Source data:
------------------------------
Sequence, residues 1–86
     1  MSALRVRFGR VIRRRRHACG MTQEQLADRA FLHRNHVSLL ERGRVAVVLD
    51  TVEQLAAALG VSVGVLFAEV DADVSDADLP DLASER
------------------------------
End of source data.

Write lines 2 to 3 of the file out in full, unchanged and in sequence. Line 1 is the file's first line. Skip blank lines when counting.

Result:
     1  MSALRVRFGR VIRRRRHACG MTQEQLADRA FLHRNHVSLL ERGRVAVVLD
    51  TVEQLAAALG VSVGVLFAEV DADVSDADLP DLASER